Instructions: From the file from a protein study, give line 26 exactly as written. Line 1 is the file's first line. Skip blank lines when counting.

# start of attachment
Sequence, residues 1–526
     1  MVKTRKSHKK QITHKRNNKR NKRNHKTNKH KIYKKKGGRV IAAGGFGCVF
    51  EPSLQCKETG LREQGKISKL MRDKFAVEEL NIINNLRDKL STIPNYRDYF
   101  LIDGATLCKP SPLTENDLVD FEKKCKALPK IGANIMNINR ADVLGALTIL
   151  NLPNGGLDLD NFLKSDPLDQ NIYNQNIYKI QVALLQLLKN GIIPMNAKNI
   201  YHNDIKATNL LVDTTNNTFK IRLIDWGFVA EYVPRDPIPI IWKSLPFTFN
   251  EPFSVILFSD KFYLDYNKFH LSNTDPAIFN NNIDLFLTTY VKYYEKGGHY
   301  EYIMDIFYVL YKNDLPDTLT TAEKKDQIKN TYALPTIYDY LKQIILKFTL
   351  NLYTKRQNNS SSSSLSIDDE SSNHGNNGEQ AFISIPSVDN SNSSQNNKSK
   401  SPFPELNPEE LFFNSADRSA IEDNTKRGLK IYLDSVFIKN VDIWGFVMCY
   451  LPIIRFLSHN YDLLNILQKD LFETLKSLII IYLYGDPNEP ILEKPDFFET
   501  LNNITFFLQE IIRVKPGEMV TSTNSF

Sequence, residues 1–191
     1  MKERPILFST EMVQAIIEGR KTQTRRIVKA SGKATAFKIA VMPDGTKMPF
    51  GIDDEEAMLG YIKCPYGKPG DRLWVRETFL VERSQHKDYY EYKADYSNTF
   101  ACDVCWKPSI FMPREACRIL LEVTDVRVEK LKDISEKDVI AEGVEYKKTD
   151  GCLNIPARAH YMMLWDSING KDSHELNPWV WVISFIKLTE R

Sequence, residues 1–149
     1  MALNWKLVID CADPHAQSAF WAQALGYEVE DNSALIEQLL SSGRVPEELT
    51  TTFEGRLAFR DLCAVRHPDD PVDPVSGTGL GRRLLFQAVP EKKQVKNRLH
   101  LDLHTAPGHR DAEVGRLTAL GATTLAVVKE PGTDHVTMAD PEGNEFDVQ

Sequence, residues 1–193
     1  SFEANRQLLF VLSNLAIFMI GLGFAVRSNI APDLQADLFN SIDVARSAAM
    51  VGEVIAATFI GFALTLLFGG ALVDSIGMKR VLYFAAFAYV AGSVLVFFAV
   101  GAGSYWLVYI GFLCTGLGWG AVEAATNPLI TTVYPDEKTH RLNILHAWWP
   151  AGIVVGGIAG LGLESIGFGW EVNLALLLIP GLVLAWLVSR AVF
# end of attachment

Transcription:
   151  AGIVVGGIAG LGLESIGFGW EVNLALLLIP GLVLAWLVSR AVF